Features for March 2014

Welcome to the March 2014 edition of the Appellate Lawyer --
the newsletter of the HBA Appellate Section.

JUDICIAL INTERVIEW SERIES
Justice Marc W. Brown: A Man of Many Interests by Justice Laura Carter Higley

THE CONFEDERACY'S COLLAPSE, JUNETEENTH, AND HOUSTON'S RECONSTRUCTION
David Furlow discusses some of the ramifications of the collapse of the confederacy on Houston's judicial system.

REWRITE THIS SENTENCE
Justice Bill Boyce, 14th Court of Appeals, picked the wrong week to remand for proceedings consistent with the opinion.

DID YOU KNOW . . . ?
by JoAnn Storey

APPELLATECH
Using Styles in MS Word, Part Two: Derek D. Bauman concludes how to make a well-formatted brief with paragraph styles.
The End Is Nigh (for Windows XP Updates): If your computer operating system is Windows XP, you need to be aware than Windows will soon stop supporting it.

CASE UPDATES FOR DECEMBER 2013 AND JANUARY AND FEBRUARY 2014
Case updates for the First and Fourteenth Courts of Appeals
by John Barnes and Andrew Nelson, Wright & Close, LLP

Justice Marc W. Brown: A Man of Many Interests


by Justice Laura Higley, First Court of Appeals

Justice Marc Brown, one of the two new justices on the 14th Court of Appeals, is a man of fascinating contrasts. He is a graduate of the University of Texas and an avid Longhorn fan, yet sits on the Texas A&M College of Liberal Arts Development Council. He  runs grueling half marathons and collects delicate snow globes. He is a life-long hunter yet is the board secretary of Frisky Paws Animal Rescue. This is a man you definitely want to get to know!

Justice Brown, the youngest of four boys, grew up on a farm that sat atop a hill six miles outside of Taylor, Texas in Williamson County. As a child, he hunted dove and quail and fished on the 36 acre lake that was part of the approximately 200 acre farm. He was raised by a father who was a career public servant as well as a World War II Marine combat veteran, and a mother, who he describes as the “hardest working homemaker you’d ever meet.” He reports that it was there that he and his brothers “learned very practical lessons and the values of faith, family and hard work.”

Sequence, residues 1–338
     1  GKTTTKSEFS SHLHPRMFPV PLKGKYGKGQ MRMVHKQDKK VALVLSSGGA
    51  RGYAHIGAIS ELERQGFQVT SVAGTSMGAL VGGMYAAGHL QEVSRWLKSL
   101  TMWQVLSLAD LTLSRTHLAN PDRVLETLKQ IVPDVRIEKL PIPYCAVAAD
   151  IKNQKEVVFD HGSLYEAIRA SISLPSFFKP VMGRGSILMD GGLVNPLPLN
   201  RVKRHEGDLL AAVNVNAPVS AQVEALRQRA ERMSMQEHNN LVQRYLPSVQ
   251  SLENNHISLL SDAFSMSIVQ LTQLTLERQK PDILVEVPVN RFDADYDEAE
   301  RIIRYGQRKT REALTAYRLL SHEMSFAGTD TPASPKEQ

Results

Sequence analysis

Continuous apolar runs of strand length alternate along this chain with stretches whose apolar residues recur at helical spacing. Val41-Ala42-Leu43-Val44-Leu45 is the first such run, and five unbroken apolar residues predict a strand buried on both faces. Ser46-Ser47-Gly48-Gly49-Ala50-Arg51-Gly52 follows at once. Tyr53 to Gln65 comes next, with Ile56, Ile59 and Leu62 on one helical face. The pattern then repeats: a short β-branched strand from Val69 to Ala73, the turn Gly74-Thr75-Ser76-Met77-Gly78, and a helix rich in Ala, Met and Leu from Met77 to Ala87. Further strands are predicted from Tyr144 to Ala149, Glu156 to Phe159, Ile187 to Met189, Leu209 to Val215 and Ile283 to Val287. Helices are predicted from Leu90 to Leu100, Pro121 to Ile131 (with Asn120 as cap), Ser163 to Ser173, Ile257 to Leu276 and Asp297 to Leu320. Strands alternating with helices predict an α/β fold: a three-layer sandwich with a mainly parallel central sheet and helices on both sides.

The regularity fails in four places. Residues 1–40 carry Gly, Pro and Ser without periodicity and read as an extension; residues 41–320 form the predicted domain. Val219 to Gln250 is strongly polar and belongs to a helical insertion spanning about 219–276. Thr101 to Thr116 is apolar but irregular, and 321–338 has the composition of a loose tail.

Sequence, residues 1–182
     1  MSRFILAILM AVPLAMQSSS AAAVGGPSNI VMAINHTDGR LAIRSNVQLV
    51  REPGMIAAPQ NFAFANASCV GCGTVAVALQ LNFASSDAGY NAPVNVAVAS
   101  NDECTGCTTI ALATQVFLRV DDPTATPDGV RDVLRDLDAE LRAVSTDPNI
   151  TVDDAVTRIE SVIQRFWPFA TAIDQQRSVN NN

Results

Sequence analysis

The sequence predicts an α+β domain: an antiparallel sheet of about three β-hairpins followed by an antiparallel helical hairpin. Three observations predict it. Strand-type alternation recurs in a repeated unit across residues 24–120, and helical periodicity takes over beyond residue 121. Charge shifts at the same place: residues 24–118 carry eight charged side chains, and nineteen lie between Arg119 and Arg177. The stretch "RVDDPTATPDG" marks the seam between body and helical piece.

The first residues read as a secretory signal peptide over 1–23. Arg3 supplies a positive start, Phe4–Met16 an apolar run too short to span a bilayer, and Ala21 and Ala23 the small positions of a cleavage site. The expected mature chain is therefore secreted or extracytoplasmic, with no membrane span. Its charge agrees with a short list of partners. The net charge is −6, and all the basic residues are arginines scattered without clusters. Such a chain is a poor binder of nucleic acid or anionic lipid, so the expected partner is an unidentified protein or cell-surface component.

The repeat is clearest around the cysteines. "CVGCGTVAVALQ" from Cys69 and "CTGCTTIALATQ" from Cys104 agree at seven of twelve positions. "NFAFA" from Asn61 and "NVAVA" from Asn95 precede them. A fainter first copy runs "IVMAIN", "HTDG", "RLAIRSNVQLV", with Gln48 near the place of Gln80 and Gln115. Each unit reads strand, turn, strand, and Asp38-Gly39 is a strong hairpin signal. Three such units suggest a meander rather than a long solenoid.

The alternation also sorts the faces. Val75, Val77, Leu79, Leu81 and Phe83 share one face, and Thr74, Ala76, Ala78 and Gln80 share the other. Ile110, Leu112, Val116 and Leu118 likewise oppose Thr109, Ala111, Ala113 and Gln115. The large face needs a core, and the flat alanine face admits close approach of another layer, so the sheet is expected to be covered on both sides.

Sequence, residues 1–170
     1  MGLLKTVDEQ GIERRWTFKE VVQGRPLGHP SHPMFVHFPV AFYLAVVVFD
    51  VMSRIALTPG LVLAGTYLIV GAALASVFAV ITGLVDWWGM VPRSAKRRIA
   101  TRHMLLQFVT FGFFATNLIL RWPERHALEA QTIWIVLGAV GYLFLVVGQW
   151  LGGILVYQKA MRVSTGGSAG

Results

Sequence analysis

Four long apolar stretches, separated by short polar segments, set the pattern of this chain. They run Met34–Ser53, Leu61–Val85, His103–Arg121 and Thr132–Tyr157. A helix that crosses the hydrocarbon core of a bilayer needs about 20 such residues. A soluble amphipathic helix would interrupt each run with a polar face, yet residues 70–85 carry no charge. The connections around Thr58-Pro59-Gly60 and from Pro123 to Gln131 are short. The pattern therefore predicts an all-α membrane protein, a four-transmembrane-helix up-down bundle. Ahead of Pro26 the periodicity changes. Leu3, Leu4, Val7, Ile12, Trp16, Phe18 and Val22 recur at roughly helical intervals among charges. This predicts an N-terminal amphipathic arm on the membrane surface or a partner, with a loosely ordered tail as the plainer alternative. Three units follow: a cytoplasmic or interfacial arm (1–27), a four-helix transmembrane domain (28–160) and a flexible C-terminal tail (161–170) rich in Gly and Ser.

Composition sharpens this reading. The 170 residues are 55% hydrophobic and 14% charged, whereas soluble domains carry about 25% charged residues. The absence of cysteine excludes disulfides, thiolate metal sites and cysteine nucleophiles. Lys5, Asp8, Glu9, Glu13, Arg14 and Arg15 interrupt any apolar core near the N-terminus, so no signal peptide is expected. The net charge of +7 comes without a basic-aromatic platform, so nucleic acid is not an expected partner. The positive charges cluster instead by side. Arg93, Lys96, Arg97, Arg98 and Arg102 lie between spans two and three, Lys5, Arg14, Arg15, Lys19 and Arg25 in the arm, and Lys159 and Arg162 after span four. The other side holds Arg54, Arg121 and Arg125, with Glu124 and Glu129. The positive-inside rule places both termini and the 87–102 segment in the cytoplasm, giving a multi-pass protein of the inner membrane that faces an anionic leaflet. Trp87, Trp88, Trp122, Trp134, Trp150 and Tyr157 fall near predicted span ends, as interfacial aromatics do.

From Taylor he went on to the University of Texas at Austin, just as his three older brothers had done before him. It is clear that he took the value of hard work to heart, as he graduated from college in three years and, then, turned around and graduated from the University of Houston Law Center in two-and-one-half years.

Legal Career

Justice Brown credits his oldest brother Mike and Mike’s infectious love for the law and history as the inspiration for his becoming a lawyer. While he laughs, remembering that Mike described himself as practicing law of the dead -- oil and gas and probate law -- that is not the legal path that Justice Brown pursued. Instead, after an internship there during law school, Justice Brown joined the lively Harris County District Attorney’s office.

Joining the DA’s office proved to be a very productive career choice for Justice Brown. On the first day of the job, he met Susan, who he describes as the “love of his life.” They married approximately one-and-a-half years later and have been married more than 25 years. As well as finding the love of his life at the DA’s office, he reports that “it was there that my love for the law fully blossomed.” During his more than 22 years as a prosecutor, he became increasingly fascinated with procedure, evidence, and, most of all, the Fourth Amendment to the United States Constitution. During his time working in the major offenders division, Justice Brown gained a depth of experience counseling with police officers on strategies for securing search warrants and conducting legal investigations and searches. In addition, he gained valuable instruction from “his good friend and mentor” Ted Wilson, who Justice Brown describes as the “guru on the Fourth Amendment.” Justice Brown continues to travel the United States teaching judges, attorneys and police officers on the subject.

Judicial Career

In the Spring of 2010, Judge Strickland announced his plans to retire from the 180th District Court bench. Although he was asked to consider applying for that bench, Justice Brown was hesitant at first. By that time, his wife, Susan, had been a judge on the 185th District Court for approximately 10 years, and he was somewhat reluctant to establish a two-judge family. However, he eventually warmed to the idea and was appointed to the 180th District Court by Governor Perry in the summer of 2010 and elected in that November.

Thus, in late summer of 2013 Justice Brown began securing the signatures to run for reelection and had completed his petitions by September. However, the Governor had other ideas for his career and appointed Justice Brown to the 14th Court of Appeals on October 7, 2013. Justice Brown likes to joke that that timing gives him seniority over Justice Ken Wise by about 20 hours.

During his investiture, Justice Brown shared the many guiding principles that he brought with him from the trial bench. They are as follows: “A judge should work hard because that judge is paid to work. A judge should learn something from every case that he or she presides over. A judge should not create law or legislate from the bench. A judge comes to the bench with no agenda, hidden or otherwise. A judge must be willing to listen to both sides and be educated. A judge knows that no two cases are the same. A judge realizes that there are no small cases, only small records and a judge should do what he or she thinks is right based on the law and the evidence in the record.” What a great box of valuable tools to carry to the appellate bench!